Goodbye, upholstery. Hello, vinyl: L.A. Metro is phasing out some of its infamous fabric seats

Matt Harrison of Los Angeles tries a new vinyl seat on the Metro Red Line in the San Fernando Valley. The plastic-based fabrics will be installed on all subway cars, Metro says, because they are non-absorbent, cheaper to install and easier to keep clean.
Matt Harrison of Los Angeles tries a new vinyl seat on the Metro Red Line in the San Fernando Valley. The plastic-based fabrics will be installed on all subway cars, Metro says, because they are non-absorbent, cheaper to install and easier to keep clean.
(Mel Melcon / Los Angeles Times)

When a bedbug crawled off the Metro subway seat and onto his shorts, Chris Rusak realized that the brightly patterned fabric could camouflage a lot more than dirt.

With a shiver of horror, Rusak flicked the bug off and jumped to his feet in the subway car. After blurting several unprintable epithets, he vowed to never sit down on the Metro again.

“And I haven’t,” said Rusak, 39, a perfume designer and visual artist who lives near MacArthur Park. “Sometimes you’re tired, or you don’t feel good, and you just want to sit down. But you know what? It isn’t worth it.”


For decades, Metro’s fuzzy fabric seats — rare among major U.S. transit systems — have drawn fascination and disgust from bus and train riders. Novice passengers learn quickly, and often the hard way, to check seats for liquids before sitting down, and to avoid the one unoccupied seat in a crowded car.

But not for much longer. Propelled by years of complaints and a sizable dry-cleaning bill, the Metropolitan Transportation Authority is preparing to swap out the wool and nylon seats on the subway for sleek, patterned vinyl with a drainage hole to prevent liquids from pooling.

“Fabric is like a housing development for germs,” said Bob Spadafora, the Metro senior executive officer overseeing the new seat initiative. “It allows them to fester and breed.”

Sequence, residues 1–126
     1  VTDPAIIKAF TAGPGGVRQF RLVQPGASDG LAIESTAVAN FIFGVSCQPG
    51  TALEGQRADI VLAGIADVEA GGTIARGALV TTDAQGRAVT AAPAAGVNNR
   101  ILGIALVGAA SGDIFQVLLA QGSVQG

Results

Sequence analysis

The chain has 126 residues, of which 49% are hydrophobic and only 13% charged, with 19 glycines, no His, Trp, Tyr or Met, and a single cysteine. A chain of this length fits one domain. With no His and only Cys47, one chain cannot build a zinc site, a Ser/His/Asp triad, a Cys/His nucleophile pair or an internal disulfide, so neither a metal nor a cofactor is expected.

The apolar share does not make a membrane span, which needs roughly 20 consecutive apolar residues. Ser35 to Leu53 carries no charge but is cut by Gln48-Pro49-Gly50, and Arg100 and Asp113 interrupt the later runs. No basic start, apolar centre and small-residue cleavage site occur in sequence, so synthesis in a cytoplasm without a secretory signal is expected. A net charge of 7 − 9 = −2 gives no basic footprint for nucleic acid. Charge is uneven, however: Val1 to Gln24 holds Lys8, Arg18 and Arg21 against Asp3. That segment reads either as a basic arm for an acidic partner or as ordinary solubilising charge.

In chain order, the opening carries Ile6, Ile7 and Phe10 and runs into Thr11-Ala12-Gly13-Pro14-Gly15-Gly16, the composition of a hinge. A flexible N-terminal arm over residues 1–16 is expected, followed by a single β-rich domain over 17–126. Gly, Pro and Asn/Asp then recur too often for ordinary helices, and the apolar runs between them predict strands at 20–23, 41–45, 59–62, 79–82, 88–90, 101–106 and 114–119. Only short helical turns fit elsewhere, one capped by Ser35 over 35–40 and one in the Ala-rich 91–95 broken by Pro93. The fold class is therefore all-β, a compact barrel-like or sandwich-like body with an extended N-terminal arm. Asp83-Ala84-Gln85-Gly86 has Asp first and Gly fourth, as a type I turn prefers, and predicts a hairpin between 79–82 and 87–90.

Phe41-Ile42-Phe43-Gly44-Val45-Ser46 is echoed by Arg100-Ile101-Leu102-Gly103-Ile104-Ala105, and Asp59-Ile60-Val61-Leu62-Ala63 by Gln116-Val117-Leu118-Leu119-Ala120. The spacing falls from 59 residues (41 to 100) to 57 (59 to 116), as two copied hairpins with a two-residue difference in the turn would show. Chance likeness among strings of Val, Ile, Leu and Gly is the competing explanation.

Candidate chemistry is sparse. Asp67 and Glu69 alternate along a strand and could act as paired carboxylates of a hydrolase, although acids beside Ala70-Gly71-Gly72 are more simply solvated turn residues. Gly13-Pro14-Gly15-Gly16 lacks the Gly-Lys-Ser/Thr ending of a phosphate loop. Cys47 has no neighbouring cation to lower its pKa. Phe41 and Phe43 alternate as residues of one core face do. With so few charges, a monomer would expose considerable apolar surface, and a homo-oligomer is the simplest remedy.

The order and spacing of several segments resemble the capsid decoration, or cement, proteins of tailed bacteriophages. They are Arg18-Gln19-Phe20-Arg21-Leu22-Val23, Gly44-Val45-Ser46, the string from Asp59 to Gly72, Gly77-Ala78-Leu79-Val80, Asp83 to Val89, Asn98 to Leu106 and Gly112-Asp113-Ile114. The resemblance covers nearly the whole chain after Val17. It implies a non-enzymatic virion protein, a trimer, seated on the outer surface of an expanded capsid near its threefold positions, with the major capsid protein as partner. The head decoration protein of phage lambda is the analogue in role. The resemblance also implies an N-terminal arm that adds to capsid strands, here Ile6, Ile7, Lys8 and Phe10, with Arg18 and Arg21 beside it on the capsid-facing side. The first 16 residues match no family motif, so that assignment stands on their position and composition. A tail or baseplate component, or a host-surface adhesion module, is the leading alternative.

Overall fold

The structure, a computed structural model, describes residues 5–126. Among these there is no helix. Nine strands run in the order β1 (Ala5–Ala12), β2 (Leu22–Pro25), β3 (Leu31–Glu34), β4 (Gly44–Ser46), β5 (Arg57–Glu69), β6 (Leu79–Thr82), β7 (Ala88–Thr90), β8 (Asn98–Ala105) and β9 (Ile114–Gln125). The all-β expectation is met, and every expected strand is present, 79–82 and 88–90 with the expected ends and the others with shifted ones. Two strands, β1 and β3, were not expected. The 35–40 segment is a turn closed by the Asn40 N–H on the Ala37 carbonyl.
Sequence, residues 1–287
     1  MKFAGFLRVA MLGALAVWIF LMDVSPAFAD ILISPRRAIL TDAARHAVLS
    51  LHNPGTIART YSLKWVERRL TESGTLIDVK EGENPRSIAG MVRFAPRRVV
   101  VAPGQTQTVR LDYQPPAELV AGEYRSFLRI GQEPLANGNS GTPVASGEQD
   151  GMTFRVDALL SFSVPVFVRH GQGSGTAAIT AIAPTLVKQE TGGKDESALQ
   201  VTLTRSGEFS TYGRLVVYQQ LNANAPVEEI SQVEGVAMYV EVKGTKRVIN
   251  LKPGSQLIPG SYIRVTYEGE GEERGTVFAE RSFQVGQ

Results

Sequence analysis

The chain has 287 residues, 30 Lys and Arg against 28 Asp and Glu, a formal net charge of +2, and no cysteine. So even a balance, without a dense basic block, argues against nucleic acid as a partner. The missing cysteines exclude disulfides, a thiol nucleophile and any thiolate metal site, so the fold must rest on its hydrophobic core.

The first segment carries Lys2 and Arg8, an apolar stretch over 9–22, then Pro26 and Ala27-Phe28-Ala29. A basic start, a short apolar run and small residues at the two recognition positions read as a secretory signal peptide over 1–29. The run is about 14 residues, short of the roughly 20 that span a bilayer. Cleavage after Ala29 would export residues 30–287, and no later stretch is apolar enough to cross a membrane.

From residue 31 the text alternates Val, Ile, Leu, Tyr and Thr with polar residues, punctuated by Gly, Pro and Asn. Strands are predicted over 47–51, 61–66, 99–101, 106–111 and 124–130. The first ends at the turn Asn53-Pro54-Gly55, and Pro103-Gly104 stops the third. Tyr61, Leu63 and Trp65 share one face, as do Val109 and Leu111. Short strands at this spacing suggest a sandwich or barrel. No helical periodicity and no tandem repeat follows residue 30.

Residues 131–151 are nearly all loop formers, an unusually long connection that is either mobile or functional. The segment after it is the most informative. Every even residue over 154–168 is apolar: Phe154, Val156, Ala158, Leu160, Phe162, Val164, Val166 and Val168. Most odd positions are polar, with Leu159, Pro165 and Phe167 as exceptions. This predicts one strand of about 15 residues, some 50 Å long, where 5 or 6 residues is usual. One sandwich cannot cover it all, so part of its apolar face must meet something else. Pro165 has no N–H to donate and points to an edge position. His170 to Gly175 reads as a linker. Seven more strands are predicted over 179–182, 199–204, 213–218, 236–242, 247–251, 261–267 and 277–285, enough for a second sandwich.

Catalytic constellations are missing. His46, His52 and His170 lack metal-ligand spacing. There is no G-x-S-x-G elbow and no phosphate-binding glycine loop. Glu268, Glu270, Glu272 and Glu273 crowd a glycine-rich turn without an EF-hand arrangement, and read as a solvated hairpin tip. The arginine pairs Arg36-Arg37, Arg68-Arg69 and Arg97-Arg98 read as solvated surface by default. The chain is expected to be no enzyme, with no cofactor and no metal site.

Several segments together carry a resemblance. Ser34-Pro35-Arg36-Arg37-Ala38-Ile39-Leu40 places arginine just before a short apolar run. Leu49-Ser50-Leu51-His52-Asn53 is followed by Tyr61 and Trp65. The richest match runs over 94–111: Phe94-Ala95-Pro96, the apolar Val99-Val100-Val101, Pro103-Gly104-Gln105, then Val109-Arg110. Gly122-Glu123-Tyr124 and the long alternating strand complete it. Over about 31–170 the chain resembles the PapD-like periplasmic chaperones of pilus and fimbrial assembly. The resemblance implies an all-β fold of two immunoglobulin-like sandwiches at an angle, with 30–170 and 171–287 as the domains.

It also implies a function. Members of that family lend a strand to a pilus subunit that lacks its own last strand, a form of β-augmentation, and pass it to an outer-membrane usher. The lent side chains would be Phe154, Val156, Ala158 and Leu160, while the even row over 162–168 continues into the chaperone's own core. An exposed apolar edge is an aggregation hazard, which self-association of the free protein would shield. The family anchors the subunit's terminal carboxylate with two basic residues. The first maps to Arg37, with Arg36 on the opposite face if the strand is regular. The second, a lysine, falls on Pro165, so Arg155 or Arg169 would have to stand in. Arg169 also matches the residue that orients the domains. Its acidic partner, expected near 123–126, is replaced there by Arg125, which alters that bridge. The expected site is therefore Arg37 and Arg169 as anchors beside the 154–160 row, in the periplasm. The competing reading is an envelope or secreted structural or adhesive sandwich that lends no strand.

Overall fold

Cindy Solorzano of Van Nuys rides the Metro Red Line, sitting on a cloth seat. Metro is planning to install vinyl seats on the subway, saying plastic-based fabrics are non-absorbent, cheaper to install and much easier to keep clean.
(Mel Melcon / Los Angeles Times )

The change will occur on the Red and Purple lines, which represent a fraction of the Metro system’s vehicles. The agency has no immediate plans to discard the upholstery on its 2,438 buses or four light-rail lines. But if the subway seats are a hit, the Gold Line could be next, Spadafora said.

The seat change is one of many strategies Metro is pursuing to improve the experience of riding transit in Los Angeles County and win back riders. Trips taken on the sprawling bus and rail system have dropped 17% over the last five years.


The vast majority of riders who stopped taking transit have told Metro in surveys and complaints that buses and trains feel too slow, infrequent, dangerous or inconvenient. But for a handful of riders, the seats were the last straw.

Metro’s seats are cleaned daily. But on a system that carries more than 1.2 million trips per day, unwitting passengers sit in a vast array of substances, including urine, feces, blood, lice, ants, soda, melted ice cream, secretions from leaking grocery bags and dribbles from burritos eaten on the go.

One rider said she stopped taking transit after lice spread from a seat to her waist-length hair (“a special treat,” she wrote). Another said on Metro’s blog that she sat in mustard, painstakingly squirted to mimic the yellow blotches on the upholstery.

“There’s a reason the bench at the local park isn’t made out of fabric,” Spadafora said. “Vinyl doesn’t have crevasses that harbor organisms. There’s nothing for the germs to be stuck to. It’s like concrete. You wash it down, it’s gone.”